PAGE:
|Photo: Games and Learning|
The survey, “The Common Sense Census: Plugged-In Parents of Tweens and Teens,” suggests that the vast majority of parents say they believe computers and digital devices in classrooms are good for their children. But they also worry that their children spend too much time on devices, to the detriment of physical activity and personal relationships.
Common Sense Media, a nonprofit organization that advocates for the informed use of quality media, surveyed more than 1,700 parents of children 8 to 18 years old to learn about their media and technology use; it also conducted focus groups. That’s what makes this survey different – it sought to measure parents’ influence and opinions on media and technology use. And it measured how much time parents are spending on it, too.
As it turns out, parents are watching TV and playing games on their phones the same amount of time as their children.
“These findings are fascinating because parents are using media for entertainment just as much as their kids are, yet they express concerns about their kids’ media use while also believing that they are good role models for their kids,” James P. Steyer, founder and CEO of Common Sense, said in a statement. “Media can add a lot of value to relationships, education, and development, and parents clearly see the benefits, but if they are concerned about too much media in their kids’ lives, it might be time to reassess their own behavior so that they can truly set the example they want for their kids.”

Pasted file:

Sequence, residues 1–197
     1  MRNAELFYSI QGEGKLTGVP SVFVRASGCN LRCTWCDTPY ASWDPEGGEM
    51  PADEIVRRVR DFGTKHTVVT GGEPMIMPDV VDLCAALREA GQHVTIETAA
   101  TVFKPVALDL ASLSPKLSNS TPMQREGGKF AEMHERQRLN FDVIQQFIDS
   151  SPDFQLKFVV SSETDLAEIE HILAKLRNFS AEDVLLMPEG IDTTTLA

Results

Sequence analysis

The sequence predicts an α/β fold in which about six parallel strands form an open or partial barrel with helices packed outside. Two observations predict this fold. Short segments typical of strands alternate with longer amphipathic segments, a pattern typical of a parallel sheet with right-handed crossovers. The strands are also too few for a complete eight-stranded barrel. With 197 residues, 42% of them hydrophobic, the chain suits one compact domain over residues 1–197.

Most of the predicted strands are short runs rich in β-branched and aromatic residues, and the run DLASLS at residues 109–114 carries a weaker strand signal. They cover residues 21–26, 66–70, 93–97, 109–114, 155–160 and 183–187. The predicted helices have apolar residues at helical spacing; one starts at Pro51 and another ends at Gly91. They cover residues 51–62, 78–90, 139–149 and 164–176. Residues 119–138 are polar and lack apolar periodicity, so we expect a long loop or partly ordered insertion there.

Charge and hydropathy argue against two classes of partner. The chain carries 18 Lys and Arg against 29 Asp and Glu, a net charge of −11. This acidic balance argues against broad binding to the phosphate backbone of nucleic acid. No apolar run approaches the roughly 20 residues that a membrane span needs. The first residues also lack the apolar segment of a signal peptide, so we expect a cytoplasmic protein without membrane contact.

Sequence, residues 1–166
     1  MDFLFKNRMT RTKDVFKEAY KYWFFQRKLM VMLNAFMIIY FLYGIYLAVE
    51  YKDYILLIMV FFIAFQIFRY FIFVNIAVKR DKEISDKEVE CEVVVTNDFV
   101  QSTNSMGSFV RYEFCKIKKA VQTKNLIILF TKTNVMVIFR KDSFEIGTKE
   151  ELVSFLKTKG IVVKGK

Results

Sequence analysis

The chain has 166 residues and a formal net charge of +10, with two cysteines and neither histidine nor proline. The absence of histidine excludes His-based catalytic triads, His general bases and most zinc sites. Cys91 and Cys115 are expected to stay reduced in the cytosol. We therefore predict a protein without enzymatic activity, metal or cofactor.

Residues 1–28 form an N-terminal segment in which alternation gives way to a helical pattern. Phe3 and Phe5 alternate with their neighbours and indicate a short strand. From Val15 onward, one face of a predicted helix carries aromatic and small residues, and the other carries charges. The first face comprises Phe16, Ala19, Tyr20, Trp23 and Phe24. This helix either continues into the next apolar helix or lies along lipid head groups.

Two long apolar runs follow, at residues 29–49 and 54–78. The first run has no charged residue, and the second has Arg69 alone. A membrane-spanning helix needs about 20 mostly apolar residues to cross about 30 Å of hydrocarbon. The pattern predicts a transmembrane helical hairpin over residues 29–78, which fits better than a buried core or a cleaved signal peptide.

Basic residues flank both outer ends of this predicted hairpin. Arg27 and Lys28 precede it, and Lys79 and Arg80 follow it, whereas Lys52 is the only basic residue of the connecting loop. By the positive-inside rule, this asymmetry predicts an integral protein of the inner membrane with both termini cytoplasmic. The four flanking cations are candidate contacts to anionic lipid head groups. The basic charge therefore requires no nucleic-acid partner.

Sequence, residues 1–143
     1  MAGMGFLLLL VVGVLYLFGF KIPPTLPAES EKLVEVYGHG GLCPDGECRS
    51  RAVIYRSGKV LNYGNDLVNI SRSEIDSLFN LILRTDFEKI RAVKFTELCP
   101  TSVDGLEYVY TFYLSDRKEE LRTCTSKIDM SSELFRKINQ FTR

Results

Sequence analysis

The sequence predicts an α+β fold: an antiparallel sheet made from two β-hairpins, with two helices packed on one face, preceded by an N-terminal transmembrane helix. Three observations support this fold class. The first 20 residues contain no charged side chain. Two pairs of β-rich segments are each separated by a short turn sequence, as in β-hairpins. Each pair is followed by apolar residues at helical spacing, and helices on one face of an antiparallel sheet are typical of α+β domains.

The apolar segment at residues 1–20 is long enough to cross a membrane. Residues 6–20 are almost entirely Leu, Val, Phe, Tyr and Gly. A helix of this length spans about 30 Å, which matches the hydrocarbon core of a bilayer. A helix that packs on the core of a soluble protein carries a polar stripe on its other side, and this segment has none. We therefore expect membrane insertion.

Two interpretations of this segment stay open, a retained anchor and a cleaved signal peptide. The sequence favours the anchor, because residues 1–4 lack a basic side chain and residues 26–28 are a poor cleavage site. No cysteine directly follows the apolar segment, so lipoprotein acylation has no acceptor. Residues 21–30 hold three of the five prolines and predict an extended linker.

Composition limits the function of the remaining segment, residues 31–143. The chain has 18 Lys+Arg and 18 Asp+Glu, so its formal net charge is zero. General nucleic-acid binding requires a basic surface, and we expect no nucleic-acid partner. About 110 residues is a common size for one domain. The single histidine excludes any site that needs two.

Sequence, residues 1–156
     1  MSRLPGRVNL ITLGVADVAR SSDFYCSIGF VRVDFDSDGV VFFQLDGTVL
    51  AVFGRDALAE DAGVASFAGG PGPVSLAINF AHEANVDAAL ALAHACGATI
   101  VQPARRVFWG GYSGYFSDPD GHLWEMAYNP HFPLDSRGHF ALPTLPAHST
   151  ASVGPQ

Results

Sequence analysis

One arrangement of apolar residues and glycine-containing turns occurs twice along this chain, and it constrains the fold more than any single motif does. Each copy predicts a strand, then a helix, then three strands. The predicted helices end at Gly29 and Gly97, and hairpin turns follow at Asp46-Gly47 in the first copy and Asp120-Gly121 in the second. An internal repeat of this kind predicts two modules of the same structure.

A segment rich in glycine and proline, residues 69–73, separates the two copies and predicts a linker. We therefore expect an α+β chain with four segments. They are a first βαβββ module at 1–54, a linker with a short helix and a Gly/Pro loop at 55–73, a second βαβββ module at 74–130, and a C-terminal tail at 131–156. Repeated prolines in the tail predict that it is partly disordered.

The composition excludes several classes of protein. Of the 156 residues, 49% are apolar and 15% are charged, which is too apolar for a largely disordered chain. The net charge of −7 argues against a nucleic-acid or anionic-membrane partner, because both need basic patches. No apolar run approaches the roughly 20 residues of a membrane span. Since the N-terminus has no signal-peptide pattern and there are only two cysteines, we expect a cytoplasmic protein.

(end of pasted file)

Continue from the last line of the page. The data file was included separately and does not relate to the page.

An overwhelming majority – nearly 95 percent – of parents said they believe that technology is useful for schoolwork, according to the survey. They believe that technology helps children learn new skills, prepares them for modern jobs, exposes them to diverse cultures and encourages creativity.
The parent’s opinions on social media were less sunny. Nearly a quarter of parents reported that they believe that social media can be useful tools in the classroom. Slightly fewer said social media hurts education. And the remaining 55 percent said they believe it makes no difference in school performance.